Preventing Occupational Accidents in Europe
Around 5 million employees per year are estimated to suffer from work-related accidents involving ‘over-3-day’ absence from work, and a further 5,500 are killed in the European Union (EU). [1. The average estimated number of fatal occupational accidents was 350,000 and there were 264 million non-fatal accidents in 1998, according to the International Labor Organisation (ILO).  Given the magnitude of the problem, well-designed prevention strategies are needed. Accident investigation stands as a significant way to prevent occupational accidents because it clarifies accident causation factors and mechanisms.
Unfortunately, in the EU, the official accident investigation practices and methods vary between countries and even within the same country, and a formal documented structural procedure is absent.  Of all of the EU member states, the central authorities of the Nordic countries provide Labor Inspectorss with books or manuals on how the investigation should be performed in the country’s own language. Austria, the Netherlands and the United Kingdom have guidelines (although they are not regarded as formal methods), but Ireland, Portugal, Spain, and Greece are examples of countries where a written guidance does not exist.
In Greece, the appropriate body for the official investigation of accidents is the Labor Inspectorate. If an accident occurs, Health and Safety Legislation (L. 1568/85, P.D. 17/96) requires the employer to report it within 24 hours to the appropriate Centre of Prevention of Occupational Risk. Upon receiving the employer's report, one or two Labor Inspectors (LIs) carry out an investigation in the accident workplace. Basing it on the accident conditions and testimony of the witnesses, they write a formal accident investigation report, which they transmit to the appropriate police department.
Due to the absence of a formal documented procedure or structure (method/technique) that guides the investigation, LIs usually use their knowledge, experience, and prior observation, as well as their assessment of the competence and commitment of management, during the accident investigation process.  In other words, in the absence of concrete guidance, many LIs are forced to devise their own personalized methods and interpretations. There will always be a place for intuition from the investigators, but it would be desirable to have a formal method that could be applied by all investigators. Besides, such formal methods should enable underlying causes to be discovered as soon as possible.
Hallmarks of the Ideal Investigation Method
The ideal accident investigation method should fulfill five main requirements.  These are: descriptive, causal, legal, prevention, and research. Descriptive and causal requirements comprise the description of events and circumstances surrounding the accident and identification of probable accident causes, respectively. The legal requirement stands for the satisfaction of legal requirements, documentation of any health and safety legislation violations, and sorting out legal liabilities. The prevention requirement is the attempt to recommend what changes could be made that would decrease the probability of a similar accident in the future, and the research requirement is to gather accident information for use in accident research and prevention programs.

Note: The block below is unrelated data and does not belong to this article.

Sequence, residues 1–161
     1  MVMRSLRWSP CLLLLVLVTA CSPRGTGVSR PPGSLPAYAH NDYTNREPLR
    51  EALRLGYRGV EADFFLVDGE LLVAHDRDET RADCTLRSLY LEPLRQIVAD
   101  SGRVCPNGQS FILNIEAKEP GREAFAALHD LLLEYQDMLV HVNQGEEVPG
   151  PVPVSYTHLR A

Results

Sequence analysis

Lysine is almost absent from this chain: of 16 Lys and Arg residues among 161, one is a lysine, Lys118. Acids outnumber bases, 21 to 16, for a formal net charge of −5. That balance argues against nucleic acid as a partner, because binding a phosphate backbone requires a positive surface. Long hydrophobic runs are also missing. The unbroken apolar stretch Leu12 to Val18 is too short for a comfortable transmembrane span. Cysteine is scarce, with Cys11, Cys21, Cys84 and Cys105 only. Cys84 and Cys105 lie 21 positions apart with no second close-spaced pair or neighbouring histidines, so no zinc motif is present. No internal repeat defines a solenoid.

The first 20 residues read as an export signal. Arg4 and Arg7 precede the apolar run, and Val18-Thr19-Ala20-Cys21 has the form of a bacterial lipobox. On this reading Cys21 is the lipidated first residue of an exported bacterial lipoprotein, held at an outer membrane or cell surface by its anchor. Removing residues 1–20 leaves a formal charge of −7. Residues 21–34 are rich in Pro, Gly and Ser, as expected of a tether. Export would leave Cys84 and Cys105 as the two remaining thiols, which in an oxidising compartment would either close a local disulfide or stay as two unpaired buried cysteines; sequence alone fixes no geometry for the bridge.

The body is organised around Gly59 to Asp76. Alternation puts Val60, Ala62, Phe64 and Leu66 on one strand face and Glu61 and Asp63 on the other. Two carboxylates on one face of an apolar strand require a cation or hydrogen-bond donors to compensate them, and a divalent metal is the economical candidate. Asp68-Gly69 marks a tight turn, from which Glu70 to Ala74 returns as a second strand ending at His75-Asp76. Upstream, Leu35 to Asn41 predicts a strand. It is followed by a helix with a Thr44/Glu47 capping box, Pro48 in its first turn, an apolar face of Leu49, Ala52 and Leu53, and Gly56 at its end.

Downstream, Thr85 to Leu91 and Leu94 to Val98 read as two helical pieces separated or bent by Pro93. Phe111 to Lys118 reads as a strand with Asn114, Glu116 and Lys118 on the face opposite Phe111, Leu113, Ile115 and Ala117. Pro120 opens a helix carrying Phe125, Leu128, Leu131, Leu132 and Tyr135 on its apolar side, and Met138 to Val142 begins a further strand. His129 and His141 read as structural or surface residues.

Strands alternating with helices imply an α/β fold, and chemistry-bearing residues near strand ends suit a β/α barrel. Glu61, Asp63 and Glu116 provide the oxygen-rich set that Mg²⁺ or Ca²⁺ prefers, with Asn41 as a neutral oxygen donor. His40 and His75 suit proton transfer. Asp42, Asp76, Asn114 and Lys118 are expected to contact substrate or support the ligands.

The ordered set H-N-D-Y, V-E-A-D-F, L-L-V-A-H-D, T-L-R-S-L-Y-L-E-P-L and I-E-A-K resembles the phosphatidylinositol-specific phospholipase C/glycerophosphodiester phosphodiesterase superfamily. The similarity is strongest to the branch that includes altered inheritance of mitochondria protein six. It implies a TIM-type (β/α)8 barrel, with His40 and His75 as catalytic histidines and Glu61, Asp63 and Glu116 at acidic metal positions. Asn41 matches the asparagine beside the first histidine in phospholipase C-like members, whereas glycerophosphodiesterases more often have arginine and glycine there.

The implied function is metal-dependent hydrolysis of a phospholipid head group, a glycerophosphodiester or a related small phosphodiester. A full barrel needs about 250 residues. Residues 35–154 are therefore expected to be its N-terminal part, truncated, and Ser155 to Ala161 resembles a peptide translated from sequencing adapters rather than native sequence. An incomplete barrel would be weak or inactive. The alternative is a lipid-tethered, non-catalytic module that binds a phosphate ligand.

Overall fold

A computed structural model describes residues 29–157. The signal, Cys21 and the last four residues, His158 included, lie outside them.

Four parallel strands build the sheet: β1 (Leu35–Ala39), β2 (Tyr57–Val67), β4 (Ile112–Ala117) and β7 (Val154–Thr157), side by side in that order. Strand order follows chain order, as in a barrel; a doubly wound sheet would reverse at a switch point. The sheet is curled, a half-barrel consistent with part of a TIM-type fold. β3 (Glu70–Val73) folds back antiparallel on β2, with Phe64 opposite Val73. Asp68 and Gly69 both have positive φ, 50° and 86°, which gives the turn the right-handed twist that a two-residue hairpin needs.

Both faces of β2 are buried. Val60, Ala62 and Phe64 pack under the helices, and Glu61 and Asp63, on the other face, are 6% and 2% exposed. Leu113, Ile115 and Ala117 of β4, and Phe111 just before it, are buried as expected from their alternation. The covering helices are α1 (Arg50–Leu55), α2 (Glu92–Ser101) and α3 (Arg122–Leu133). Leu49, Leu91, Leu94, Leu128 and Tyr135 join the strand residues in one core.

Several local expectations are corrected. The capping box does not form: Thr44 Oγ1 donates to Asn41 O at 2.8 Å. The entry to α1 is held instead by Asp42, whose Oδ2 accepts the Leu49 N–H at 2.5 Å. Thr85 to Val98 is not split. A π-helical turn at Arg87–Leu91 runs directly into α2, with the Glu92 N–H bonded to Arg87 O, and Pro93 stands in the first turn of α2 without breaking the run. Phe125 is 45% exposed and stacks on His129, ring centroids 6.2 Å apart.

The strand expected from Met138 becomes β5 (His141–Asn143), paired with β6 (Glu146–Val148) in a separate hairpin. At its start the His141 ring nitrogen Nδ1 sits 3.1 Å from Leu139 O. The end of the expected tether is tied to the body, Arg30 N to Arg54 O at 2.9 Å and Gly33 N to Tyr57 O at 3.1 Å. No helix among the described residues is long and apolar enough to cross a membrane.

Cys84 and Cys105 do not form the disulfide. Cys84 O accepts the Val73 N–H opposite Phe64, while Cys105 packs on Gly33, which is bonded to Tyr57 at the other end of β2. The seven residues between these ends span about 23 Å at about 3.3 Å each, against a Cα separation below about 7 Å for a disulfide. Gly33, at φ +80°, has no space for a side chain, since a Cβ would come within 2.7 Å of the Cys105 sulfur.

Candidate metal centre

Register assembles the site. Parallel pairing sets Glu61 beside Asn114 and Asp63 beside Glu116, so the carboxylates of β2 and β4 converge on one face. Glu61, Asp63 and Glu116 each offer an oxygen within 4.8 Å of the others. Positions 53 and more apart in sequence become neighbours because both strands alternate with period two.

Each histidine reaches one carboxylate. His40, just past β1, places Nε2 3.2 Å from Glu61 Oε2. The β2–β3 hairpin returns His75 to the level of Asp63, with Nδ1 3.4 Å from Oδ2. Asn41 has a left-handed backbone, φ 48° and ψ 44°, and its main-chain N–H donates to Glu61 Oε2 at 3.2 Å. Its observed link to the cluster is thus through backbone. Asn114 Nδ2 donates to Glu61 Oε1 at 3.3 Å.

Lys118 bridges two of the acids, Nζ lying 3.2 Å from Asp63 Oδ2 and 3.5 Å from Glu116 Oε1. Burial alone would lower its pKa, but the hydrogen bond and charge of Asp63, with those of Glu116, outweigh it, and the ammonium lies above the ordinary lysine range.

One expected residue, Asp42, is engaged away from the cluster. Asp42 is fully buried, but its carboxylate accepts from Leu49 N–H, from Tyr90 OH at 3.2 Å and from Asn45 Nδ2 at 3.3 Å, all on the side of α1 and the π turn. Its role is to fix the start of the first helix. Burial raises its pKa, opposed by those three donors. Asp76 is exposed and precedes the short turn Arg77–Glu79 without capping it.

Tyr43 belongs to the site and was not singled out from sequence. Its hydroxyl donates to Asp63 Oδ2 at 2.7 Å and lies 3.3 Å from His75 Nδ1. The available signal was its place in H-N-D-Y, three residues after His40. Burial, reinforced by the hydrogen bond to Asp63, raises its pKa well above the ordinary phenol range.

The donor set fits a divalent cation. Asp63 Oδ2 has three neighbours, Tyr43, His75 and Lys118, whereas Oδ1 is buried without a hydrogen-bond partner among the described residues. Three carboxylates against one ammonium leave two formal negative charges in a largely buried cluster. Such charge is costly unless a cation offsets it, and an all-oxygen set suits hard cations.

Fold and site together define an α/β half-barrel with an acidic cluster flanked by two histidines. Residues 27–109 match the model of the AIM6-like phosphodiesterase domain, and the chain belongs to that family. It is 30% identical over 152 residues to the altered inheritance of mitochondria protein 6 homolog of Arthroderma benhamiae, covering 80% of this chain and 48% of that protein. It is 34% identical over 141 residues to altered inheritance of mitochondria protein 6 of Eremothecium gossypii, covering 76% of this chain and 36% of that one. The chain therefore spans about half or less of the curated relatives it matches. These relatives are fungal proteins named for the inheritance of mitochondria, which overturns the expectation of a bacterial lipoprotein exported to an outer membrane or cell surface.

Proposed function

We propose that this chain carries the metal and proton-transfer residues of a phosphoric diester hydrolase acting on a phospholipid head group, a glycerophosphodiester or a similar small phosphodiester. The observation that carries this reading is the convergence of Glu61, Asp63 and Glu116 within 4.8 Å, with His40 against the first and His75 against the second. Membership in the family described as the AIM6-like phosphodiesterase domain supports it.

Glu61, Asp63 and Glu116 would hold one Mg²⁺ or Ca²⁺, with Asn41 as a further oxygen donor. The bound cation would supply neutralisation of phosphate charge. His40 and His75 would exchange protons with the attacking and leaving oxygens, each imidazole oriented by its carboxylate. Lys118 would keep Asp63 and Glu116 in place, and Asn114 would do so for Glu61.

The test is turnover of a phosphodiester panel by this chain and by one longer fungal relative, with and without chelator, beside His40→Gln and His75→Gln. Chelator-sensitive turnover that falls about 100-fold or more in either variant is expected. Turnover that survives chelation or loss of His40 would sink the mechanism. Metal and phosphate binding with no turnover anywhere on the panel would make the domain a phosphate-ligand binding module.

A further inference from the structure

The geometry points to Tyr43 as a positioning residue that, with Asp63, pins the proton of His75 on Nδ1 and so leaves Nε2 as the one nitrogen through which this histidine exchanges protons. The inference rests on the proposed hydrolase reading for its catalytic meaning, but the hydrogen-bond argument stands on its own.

Despite the availability of accident investigation methods based on modern accident causation theories, none of them is especially designed for LIs becaues they do not fulfill the legal requirement.  On the other hand, designing an accident investigation method that focuses on legal aspects constitutes a weakness of LIs' position. Concentrating on legal aspects leads to overlooking other important contributing or latent factors, such as organizational and management conditions.
The occupational accident investigation should go deeper into identifying underlying workplace and organizational factors and establish their interrelationships.  When performing an accident investigation, LIs should take into account physical and engineering hazards, human factors, and management factors and then try to identify their relation to legal violations. MILI, which stands for Method of Investigation by Labor Inspectors, already has been presented as a first attempt to incorporate labor inspectors' requirements into accident investigation methods. 
A structured accident investigation method such as MILI that is based on a combination of model/method pairs  would fulfill the requirements of an ideal accident investigation method. Only after analyzing the accident would LIs be able to determine legal breaches and fulfill the legal requirement. The identification of the specific regulations, strictly from the legal point of view, must be the result of the investigation rather than its starting point. A structured accident investigation method, especially one designed for LIs, also would fulfill the research requirement by supporting the decisions and planning of the relevant Ministry of Labor in terms of policymaking, prioritization of actions, campaigns, and accident prevention programs.
1. European Agency for Safety and Health at Work -- OSHA (2002), "New tools to improve occupational safety and health and to increase the competitiveness of your business," Press release on 10-09-2002 (available at: http://agency.osha.eu.int/news/press_releases/en/10_09_2002/index.htm).
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This article originally appeared in the February 2009 issue of Occupational Health & Safety.